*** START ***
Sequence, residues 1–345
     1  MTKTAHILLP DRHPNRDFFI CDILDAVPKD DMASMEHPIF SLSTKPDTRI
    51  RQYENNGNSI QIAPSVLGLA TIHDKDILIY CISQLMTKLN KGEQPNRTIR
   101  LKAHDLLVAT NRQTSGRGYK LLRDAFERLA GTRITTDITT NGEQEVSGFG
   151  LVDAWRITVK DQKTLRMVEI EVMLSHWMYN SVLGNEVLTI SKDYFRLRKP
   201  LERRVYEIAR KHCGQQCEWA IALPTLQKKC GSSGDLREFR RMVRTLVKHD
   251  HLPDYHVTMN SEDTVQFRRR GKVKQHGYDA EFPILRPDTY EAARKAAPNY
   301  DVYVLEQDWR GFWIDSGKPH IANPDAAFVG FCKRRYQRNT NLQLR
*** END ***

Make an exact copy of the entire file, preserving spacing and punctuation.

Sequence, residues 1–345
     1  MTKTAHILLP DRHPNRDFFI CDILDAVPKD DMASMEHPIF SLSTKPDTRI
    51  RQYENNGNSI QIAPSVLGLA TIHDKDILIY CISQLMTKLN KGEQPNRTIR
   101  LKAHDLLVAT NRQTSGRGYK LLRDAFERLA GTRITTDITT NGEQEVSGFG
   151  LVDAWRITVK DQKTLRMVEI EVMLSHWMYN SVLGNEVLTI SKDYFRLRKP
   201  LERRVYEIAR KHCGQQCEWA IALPTLQKKC GSSGDLREFR RMVRTLVKHD
   251  HLPDYHVTMN SEDTVQFRRR GKVKQHGYDA EFPILRPDTY EAARKAAPNY
   301  DVYVLEQDWR GFWIDSGKPH IANPDAAFVG FCKRRYQRNT NLQLR